So your hospital got an 'A' in safety, but how useful is the report card?

Apr 20, 2017

A survey aimed at helping patients choose a hospital with solid safety standards finds three of Western New York’s medical institutions to be among the best in the state. But how useful is a report card for prospective patients if it doesn’t cover all of the area hospitals?


Twice a year, hospital safety ratings from the Leapfrog Group assess 30 measures of how well hospitals protect their patients from accidents and errors. Those measures are split evenly between the processes and procedures a hospital takes towards safety, and the outcomes they influence. The results are then graded on a scale of ‘A’ through ‘F.’

On the Spring 2017 list, Western New York’s Kenmore Mercy, Sisters of Charity in South Buffalo, and the Erie County Medical Center all scored top grades of ‘A.’

“We see some very low infection rates. We see low rates of what we call the ‘hospital acquired conditions’ – so things like falls, blood clots, a collapsed lung,” explained Leapfrog Group Director of Communications Erica Mobley. “And overall these are hospitals that still have some mistakes – no hospital is perfect – but are generally doing very well and scoring ahead of their peers.

Eight more hospitals in the Western New York Area were graded ‘C.’ Mobley said hospitals with those average grades generally have problems on both the processes and procedures side, as well as patient outcomes.

“By all means, no patient should avoid those hospitals entirely, but it is important to be extra vigilant when going to those hospitals, and ask the doctors and nurses and other caregivers what steps are being taken to protect them and ensure that an error doesn’t harm them during their hospital stay,” said Mobley.

With 11 Western New York hospitals ranked, what about the rest of the 27 listed by the New York State Department of Health?

Mobley explained that the Leapfrog rating focuses on general acute care facilities.

“Unfortunately, the majority of the data that we use comes from the federal government through Medicare,” said Mobley. “And that information is only available for hospitals that are licensed as general acute-care hospitals.”

But major hospitals such as Niagara Falls Memorial – which is an acute care facility – are not included in the ranking, along with many more. Mobley said Leapfrog isn’t able to grade all the hospitals that are eligible because, for many, there is too much missing data.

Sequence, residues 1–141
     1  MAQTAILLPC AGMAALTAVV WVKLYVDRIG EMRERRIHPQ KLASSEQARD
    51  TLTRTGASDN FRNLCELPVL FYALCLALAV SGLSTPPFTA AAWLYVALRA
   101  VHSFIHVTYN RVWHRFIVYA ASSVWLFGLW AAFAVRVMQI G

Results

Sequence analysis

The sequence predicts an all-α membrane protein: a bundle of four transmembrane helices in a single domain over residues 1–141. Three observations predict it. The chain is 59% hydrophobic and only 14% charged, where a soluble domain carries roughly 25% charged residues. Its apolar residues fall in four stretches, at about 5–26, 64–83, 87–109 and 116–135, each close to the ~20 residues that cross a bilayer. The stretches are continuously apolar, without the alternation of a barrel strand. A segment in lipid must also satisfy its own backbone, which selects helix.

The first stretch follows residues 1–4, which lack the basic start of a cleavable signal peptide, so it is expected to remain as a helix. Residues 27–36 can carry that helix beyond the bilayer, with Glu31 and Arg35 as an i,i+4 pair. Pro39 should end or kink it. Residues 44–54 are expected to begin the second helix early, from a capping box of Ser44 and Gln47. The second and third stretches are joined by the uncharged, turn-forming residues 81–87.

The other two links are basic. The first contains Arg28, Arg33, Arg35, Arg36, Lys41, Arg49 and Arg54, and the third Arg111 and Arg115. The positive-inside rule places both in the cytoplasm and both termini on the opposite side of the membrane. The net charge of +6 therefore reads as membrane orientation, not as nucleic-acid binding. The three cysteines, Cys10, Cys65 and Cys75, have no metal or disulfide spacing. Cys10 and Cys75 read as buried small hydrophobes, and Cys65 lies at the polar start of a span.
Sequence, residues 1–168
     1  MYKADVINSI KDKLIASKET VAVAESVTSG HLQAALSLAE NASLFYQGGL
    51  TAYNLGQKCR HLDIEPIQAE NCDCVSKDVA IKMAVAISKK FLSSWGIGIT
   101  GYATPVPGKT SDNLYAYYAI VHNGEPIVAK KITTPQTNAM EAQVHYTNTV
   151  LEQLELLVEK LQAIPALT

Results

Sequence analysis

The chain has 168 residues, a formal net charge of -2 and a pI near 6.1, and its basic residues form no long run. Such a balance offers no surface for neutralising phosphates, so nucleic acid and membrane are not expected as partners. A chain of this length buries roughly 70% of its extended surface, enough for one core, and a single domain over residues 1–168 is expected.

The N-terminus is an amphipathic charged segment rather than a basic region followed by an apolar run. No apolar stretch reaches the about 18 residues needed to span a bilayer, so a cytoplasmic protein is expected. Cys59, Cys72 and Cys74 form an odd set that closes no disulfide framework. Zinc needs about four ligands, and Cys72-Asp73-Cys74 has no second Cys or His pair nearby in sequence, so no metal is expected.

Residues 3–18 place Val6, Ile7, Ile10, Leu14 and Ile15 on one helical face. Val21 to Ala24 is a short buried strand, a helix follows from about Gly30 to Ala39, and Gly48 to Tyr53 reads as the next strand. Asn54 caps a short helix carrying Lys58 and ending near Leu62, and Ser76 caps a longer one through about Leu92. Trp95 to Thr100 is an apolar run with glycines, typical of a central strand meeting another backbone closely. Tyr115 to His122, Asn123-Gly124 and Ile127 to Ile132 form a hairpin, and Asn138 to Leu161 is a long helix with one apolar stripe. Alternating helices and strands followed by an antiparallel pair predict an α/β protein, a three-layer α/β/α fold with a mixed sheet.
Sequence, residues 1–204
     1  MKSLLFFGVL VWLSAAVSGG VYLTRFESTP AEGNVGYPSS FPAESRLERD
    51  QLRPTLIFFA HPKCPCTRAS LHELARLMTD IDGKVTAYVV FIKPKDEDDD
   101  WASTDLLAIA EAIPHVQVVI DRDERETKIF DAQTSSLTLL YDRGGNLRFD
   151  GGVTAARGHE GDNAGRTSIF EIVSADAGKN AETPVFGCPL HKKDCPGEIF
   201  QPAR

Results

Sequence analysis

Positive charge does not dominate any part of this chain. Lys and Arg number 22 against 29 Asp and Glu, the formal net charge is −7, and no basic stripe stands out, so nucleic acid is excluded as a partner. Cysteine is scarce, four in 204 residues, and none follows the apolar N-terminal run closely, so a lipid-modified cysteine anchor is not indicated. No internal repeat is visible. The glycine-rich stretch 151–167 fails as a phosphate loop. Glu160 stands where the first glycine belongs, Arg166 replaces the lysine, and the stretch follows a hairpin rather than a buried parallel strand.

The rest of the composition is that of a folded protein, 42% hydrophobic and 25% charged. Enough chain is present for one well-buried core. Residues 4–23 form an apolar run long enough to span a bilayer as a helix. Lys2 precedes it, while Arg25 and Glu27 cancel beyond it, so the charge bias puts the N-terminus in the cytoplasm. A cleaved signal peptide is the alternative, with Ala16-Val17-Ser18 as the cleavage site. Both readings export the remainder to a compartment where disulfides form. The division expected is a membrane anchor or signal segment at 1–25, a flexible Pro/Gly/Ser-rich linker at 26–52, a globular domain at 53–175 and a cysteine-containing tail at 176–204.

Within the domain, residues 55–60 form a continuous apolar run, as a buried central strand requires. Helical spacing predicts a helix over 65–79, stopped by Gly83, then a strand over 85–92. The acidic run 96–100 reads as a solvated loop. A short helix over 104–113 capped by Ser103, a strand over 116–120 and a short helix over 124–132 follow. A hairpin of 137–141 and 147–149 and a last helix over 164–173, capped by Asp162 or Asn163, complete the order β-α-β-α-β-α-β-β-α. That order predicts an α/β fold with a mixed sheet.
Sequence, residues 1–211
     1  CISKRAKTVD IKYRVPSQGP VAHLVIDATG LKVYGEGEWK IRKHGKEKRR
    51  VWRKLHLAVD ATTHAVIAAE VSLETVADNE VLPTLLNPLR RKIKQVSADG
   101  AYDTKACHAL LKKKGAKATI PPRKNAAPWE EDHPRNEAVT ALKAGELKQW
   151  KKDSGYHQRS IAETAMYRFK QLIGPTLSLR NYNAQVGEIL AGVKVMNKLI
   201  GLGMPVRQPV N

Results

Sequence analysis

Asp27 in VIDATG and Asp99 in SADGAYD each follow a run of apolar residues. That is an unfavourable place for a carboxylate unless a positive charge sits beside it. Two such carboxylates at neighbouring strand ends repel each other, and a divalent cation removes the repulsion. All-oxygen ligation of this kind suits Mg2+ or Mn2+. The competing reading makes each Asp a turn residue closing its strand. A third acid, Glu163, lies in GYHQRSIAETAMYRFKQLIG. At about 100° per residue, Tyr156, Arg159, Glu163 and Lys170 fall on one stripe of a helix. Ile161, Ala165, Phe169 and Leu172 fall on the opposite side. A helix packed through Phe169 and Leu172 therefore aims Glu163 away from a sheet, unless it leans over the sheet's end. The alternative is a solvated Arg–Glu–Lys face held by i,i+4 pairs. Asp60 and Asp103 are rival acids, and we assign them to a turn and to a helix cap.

“We use 30 different measures of patient safety in calculating the safety grades, and if a hospital is missing too many of those 30 measures, we’re unable to give them a grade,” said Mobley. “Hospitals may be missing data for a variety of reasons. Probably the most common is having volumes that are too low to report on certain measures.”

In addition to using Medicare as a source of data, Leapfrog also uses two voluntary surveys – one from Leapfrog, and another from the American Hospital Association. But if a hospital does not participate in either survey, Leapfrog can’t assign a grade.

“What we really want to do is to educate patients using a simple letter grade system – using A, B, C, D, or F to which hospitals are safer than others,” said Mobley. “But also to really drive a market for improvement and encourage hospitals to improve their safety record.”

That drive for improvement has become a reality for some hospitals that have taken poor grades seriously, admitted their shortcomings, and worked towards change. While hospitals like ECMC and Sisters have been on fairly decent grading curves for the past few years, their latest ‘A’ grades were a step up from Fall 2016 ‘B’s.’ Leapfrog is also looking for other data sources that can be used to expand the list of graded hospitals.

But with so many hospitals left un-ranked, the question remains – is Leapfrog a useful tool for prospective patients?

“Absolutely,” according to Mobley. But she noted that it isn’t the only tool for a patient to use. The first step is finding a hospital with a grade you’re comfortable with, then look for additional information about the hospital.

“For example, if they are going to have a knee replacement, look for a hospital that has good outcomes with knee replacements, to find a surgeon that performs a high volume of those procedures, and collectively use that information to choose the hospital that’s right for them and their family,” said Mobley.

Mobley also encourages patients to do their part to ensure a safe stay by bringing lists of current medications to the hospital, as well as a family member or loved one who can speak up if anything is wrong. And last, but not least, ask everyone who walks into a hospital room to wash their hands and prevent the spread of unsafe infection.

Comparing Western New York's hospitals. Data compiled from the New York State Department of Health website and Spring 2017 Leapfrog Hospital Safety Grades.
Credit Avery Schneider / WBFO News